1. Equalisation levy will hurt Indian tech startups: IAMAI

Equalisation levy will hurt Indian tech startups: IAMAI

The proposed 6 per cent levy on online advertisement revenue of foreign companies will "severely raise the cost of doing business" for Indian tech startups, industry body IAMAI said today.

By: | Published: April 29, 2016 12:06 AM
According to Indian Angel Network president Padmaja Ruparel, there has been an increase of  20% in the number of deals but the overall amount has gone up by 12% Considering that the incidence of 6 per cent levy will be passed on to the advertisers by the ad platforms, the total burden to SMEs and tech startups on account of equalisation levy would be an additional burden of Rs 429 crore, a massive hike of nearly 50 per cent, it added.

The proposed 6 per cent levy on online advertisement revenue of foreign companies will “severely raise the cost of doing business” for Indian tech startups, industry body IAMAI said today.

“Tech startups are already paying 14.5 per cent service tax to use these ad platforms, which amounts to an estimated Rs 906 crore of taxes to government. With GST implementation, the tax rate is likely to move to 18 per cent bringing more taxes to the government from this segment,” Internet and Mobile Association of India (IAMAI) said in a statement.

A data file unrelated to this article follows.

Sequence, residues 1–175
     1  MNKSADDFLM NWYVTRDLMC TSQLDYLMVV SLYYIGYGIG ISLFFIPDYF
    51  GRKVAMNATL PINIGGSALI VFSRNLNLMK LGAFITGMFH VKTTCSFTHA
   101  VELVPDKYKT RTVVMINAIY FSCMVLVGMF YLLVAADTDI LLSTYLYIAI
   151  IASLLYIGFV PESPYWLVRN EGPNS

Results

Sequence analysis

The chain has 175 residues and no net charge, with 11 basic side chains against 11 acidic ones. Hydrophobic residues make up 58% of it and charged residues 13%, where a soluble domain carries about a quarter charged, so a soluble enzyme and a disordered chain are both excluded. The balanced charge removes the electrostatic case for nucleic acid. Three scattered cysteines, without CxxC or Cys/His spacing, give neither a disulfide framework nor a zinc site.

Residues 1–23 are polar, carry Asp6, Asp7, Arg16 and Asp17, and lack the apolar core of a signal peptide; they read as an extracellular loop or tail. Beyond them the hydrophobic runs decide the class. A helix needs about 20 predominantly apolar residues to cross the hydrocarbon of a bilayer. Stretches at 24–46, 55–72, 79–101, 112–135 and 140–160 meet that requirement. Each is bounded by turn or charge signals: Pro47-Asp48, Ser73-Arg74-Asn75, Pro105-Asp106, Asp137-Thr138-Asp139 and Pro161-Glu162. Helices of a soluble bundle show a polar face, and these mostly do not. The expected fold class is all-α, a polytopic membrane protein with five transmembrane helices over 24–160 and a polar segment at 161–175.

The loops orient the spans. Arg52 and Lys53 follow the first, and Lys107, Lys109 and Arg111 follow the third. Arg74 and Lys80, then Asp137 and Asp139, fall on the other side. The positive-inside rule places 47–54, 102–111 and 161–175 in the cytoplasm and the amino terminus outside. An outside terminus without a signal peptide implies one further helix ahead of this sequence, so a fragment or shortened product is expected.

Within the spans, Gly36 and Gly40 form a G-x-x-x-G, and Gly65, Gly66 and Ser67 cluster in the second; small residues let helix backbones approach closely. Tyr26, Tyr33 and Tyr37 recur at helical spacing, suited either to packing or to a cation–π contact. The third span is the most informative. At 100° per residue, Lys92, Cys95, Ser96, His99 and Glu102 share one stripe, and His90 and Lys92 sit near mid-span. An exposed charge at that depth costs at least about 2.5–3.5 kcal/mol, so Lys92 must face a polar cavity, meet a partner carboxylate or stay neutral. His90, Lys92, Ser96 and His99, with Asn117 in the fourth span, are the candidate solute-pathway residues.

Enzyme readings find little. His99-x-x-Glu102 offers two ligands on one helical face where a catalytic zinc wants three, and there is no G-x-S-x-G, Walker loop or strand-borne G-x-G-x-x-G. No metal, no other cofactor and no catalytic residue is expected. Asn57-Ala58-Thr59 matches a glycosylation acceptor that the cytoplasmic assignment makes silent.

Considering that the incidence of 6 per cent levy will be passed on to the advertisers by the ad platforms, the total burden to SMEs and tech startups on account of equalisation levy would be an additional burden of Rs 429 crore, a massive hike of nearly 50 per cent, it added.

“This will raise the cost of operations substantially,” it said.

In his Budget speech, Finance Minister Arun Jaitley had said payments of over Rs one lakh a year for online advertising to “foreign ecommerce companies” without permanent establishments would attract a levy of 6 per cent.

The levy was brought in to get foreign internet companies to pay taxes.

“Prima Facie it looks impractical and unreasonable that to collect additional revenues of Rs 400 crore, the government is ready to hurt the start-ups,” IAMAI President Subho Ray said.

He further said: “What is mistakenly being called Google Tax will turn out to be a levy on Indian start-ups.”

IAMAI said this provision of the Finance Bill has its genesis on a consultation paper by the Central Board of Direct Taxes (CBDT).

“India will stand out like a sore thumb, if the government doesn’t withdraw this proposal or figure out a clear mechanism whereby the asessee will not pass it on to the users of the platforms,” Ray said.

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